The Rosary is a beautiful prayer that can be used to contemplate the mysteries of God.
While some may view the Rosary as outdated, the Catholic Church continually points to it as a beautiful method of prayer.
In particular, St. John Paul II believed it was a perfect way to practice contemplation.
He wrote about it in his apostolic letter on the Rosary.
[T]he most important reason for strongly encouraging the practice of the Rosary is that it represents a most effective means of fostering among the faithful that commitment to the contemplation of the Christian mystery which I have proposed in the Apostolic Letter Novo Millennio Ineunte as a genuine “training in holiness”: “What is needed is a Christian life distinguished above all in the art of prayer”.
John Paul II even went so far as to compare it to other methods of contemplative prayer that were developed in the East.
The Rosary belongs among the finest and most praiseworthy traditions of Christian contemplation. Developed in the West, it is a typically meditative prayer, corresponding in some way to the “prayer of the heart” or “Jesus prayer” which took root in the soil of the Christian East.
In fact, he even said that the Rosary without contemplation is a “body without a soul.”
The Rosary, precisely because it starts with Mary’s own experience, is an exquisitely contemplative prayer. Without this contemplative dimension, it would lose its meaning, as Pope Paul VI clearly pointed out: “Without contemplation, the Rosary is a body without a soul, and its recitation runs the risk of becoming a mechanical repetition of formulas, in violation of the admonition of Christ: ‘In praying do not heap up empty phrases as the Gentiles do; for they think they will be heard for their many words’ (Mt 6:7). By its nature the recitation of the Rosary calls for a quiet rhythm and a lingering pace, helping the individual to meditate on the mysteries of the Lord’s life as seen through the eyes of her who was closest to the Lord. In this way the unfathomable riches of these mysteries are disclosed”.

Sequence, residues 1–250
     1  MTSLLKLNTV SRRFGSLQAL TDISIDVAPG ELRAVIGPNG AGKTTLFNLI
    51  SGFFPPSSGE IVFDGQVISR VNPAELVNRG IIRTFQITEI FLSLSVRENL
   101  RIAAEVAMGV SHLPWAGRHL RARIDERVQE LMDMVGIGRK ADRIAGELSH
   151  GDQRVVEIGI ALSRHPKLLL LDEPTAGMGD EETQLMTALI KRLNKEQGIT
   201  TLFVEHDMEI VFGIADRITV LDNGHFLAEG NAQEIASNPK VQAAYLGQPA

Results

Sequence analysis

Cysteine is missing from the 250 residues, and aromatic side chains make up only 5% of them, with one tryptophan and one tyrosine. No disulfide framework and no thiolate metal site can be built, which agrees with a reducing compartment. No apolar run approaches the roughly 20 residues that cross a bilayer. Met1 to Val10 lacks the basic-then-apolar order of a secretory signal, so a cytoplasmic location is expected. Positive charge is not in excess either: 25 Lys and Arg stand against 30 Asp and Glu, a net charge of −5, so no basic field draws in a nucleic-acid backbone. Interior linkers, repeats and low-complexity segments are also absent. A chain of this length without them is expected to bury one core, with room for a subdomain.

The key is in unlocking the contemplative aspect of the Rosary is in meditating on the mysteries of Jesus’ life and not simply heaping up “empty words.”
It’s easy to simply recite the Rosary’s prayers and not engage in contemplation. However, if we do that, we risk “babbling” prayers that do not impact our soul.
John Paul II also explained that the Rosary should contemplate Jesus’ face.
The Rosary is one of the traditional paths of Christian prayer directed to the contemplation of Christ’s face. Pope Paul VI described it in these words: “As a Gospel prayer, centred on the mystery of the redemptive Incarnation, the Rosary is a prayer with a clearly Christological orientation. Its most characteristic element, in fact, the litany- like succession of Hail Marys, becomes in itself an unceasing praise of Christ,
The next time you pray the Rosary, try to do so in a contemplative way, meditating on the mysteries of Jesus’ life and looking upon his face.